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Computers and telemetry all need electrical power, is this just stored in batteries? If so what type of batteries are used? How much electrical power does a modern rocket consume on normal LEO or GTO flight?

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The major consumer of electricity are valves and actuators. – Deer Hunter Jul 15 '14 at 15:03
For an in-depth discussion of voltages and frequencies, please read this answer at EE.SE. – Deer Hunter Feb 15 '15 at 0:07
up vote 17 down vote accepted

For rockets it's normally batteries since they only need to operate for minutes, maybe hours at most when it comes to upper stages.

An example power budget and description of the hardware for one of the largest launch vehicles out there, the Ariane 5, can be found here. It's a bit outdated (2002) but you can get a feel for the numbers. Ariane 5 used to deliver 4 kWh over 6 hours with peak power consumption of 1100 W. It used Ag-Zn batteries, but lithium-ion are now getting increasingly more popular in Space so the newer launchers probably use those.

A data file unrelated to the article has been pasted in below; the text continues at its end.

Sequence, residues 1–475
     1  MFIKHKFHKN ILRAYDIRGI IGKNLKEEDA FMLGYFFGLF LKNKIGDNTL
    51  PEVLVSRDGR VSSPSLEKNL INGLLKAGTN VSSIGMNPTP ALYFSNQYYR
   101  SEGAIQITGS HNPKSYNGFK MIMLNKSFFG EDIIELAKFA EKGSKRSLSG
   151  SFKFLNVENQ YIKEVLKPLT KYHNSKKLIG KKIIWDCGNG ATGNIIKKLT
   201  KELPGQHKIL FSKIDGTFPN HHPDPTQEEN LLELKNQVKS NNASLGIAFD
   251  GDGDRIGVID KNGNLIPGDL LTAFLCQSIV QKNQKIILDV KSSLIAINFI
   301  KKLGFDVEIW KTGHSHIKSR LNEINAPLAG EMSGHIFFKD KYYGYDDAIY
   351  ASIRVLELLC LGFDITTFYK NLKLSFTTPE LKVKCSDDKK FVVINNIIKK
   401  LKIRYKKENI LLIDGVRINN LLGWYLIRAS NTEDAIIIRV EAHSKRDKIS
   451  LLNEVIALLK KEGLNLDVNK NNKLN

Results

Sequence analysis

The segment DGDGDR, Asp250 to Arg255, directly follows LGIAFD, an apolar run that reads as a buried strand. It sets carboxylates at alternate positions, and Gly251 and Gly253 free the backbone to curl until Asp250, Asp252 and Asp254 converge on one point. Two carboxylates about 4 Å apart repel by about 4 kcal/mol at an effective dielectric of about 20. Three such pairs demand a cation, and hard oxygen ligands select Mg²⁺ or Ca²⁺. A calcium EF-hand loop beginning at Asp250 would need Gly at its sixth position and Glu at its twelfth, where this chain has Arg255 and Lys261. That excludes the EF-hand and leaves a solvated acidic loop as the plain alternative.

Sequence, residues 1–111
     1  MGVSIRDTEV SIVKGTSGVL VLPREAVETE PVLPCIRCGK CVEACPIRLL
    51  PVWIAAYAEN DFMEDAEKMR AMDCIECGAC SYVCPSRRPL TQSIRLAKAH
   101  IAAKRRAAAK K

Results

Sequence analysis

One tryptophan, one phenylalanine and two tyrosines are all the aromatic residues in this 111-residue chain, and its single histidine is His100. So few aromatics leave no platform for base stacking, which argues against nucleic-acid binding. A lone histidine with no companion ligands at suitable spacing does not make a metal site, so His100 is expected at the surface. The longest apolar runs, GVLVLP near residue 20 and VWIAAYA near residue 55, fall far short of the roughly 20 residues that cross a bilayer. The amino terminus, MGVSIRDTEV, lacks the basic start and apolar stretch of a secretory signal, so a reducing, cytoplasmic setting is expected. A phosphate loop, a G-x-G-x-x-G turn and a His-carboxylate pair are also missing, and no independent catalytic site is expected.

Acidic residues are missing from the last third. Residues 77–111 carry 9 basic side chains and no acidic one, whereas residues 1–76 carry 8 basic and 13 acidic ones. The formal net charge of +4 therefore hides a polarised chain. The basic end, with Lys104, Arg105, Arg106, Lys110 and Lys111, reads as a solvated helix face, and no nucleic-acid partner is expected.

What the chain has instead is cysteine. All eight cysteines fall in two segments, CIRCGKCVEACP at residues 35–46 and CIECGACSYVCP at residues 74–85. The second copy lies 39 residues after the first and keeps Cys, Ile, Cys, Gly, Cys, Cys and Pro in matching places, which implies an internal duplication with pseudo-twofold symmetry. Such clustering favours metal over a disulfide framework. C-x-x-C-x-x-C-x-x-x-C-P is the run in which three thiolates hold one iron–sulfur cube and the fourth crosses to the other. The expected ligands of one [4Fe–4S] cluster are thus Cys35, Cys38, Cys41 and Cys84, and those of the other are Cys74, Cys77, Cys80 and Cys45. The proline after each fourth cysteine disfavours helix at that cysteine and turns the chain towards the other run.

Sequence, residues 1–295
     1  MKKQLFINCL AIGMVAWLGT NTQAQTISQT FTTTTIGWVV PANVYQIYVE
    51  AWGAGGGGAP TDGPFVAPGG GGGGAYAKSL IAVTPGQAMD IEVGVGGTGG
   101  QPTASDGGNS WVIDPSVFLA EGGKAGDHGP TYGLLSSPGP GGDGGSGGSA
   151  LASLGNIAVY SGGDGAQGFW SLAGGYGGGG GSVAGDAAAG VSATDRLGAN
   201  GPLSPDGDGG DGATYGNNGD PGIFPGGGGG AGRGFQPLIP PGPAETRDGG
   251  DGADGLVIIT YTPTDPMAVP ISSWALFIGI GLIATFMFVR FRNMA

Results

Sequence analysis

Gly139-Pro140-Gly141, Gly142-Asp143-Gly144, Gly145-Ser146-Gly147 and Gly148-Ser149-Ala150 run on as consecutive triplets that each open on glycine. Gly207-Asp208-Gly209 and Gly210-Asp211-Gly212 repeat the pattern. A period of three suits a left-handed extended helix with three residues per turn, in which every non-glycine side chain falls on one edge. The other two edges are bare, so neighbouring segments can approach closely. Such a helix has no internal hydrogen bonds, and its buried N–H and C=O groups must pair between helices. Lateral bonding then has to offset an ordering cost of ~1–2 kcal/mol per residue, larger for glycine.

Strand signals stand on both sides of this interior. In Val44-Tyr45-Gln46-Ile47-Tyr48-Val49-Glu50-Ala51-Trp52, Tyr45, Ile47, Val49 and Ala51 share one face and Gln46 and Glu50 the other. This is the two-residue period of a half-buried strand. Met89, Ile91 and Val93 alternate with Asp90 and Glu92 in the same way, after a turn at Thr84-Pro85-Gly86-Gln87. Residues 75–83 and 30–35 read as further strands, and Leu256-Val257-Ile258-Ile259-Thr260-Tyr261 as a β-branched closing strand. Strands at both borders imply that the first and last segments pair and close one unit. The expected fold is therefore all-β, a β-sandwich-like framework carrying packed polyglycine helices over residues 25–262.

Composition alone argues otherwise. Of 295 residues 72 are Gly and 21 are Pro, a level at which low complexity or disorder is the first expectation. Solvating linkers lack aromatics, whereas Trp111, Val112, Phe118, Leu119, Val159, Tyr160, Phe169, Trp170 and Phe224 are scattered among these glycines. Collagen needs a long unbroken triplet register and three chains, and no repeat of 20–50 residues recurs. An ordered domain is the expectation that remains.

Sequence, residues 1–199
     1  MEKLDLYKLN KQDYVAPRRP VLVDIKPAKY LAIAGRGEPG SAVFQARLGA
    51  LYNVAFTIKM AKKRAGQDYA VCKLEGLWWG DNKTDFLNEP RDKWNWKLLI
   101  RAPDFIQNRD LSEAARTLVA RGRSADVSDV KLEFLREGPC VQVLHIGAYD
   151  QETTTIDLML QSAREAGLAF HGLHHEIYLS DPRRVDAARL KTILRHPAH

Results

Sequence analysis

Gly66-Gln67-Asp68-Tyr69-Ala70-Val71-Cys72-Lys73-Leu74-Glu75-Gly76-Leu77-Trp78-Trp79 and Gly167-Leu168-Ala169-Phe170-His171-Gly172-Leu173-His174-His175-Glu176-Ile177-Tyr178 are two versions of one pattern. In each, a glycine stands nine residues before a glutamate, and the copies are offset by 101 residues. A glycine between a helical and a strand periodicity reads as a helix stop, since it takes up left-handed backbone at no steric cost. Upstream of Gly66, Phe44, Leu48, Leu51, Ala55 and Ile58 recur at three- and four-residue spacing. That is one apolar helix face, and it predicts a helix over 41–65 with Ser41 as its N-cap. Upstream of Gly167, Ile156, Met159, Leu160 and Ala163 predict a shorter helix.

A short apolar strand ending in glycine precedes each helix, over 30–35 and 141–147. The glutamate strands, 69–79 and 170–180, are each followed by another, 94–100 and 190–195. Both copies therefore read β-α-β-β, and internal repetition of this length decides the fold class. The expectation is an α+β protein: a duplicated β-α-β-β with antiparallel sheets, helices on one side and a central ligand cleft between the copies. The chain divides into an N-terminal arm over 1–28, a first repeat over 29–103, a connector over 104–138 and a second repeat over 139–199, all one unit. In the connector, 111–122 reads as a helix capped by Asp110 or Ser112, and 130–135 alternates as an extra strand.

This'll, of course, scale with the size of the launcher.

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Batteries usually. They're charged on the ground and discharged during flight.

Sometimes fuel cells are also used, although that's more typical for manned spacecraft such as Apollo and the Shuttle.

And in the case of the Shuttle the orbiters also required hydraulic power to actuate their flight surfaces, provided by hydrazine fueled auxiliary power units (APUs).

As an aside, many military rockets (such as shoulder launched guided missiles) use thermal batteries which are capable of remaining "charged" for decades while not in use. Such batteries use a solid electrolyte which renders the battery inert at ordinary temperatures. A small pyro charge melts the electrolyte, activating the battery and enabling it to provide power.

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